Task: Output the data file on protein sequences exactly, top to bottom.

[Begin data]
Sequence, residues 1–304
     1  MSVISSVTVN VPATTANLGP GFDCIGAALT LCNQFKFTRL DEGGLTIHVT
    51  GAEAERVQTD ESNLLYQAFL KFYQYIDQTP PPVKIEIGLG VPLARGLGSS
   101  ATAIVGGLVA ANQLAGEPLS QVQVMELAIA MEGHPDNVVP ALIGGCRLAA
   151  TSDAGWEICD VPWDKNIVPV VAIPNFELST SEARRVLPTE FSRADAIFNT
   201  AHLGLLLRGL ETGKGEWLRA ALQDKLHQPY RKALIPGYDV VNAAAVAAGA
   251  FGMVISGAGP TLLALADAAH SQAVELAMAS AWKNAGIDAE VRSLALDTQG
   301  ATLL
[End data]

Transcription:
Sequence, residues 1–304
     1  MSVISSVTVN VPATTANLGP GFDCIGAALT LCNQFKFTRL DEGGLTIHVT
    51  GAEAERVQTD ESNLLYQAFL KFYQYIDQTP PPVKIEIGLG VPLARGLGSS
   101  ATAIVGGLVA ANQLAGEPLS QVQVMELAIA MEGHPDNVVP ALIGGCRLAA
   151  TSDAGWEICD VPWDKNIVPV VAIPNFELST SEARRVLPTE FSRADAIFNT
   201  AHLGLLLRGL ETGKGEWLRA ALQDKLHQPY RKALIPGYDV VNAAAVAAGA
   251  FGMVISGAGP TLLALADAAH SQAVELAMAS AWKNAGIDAE VRSLALDTQG
   301  ATLL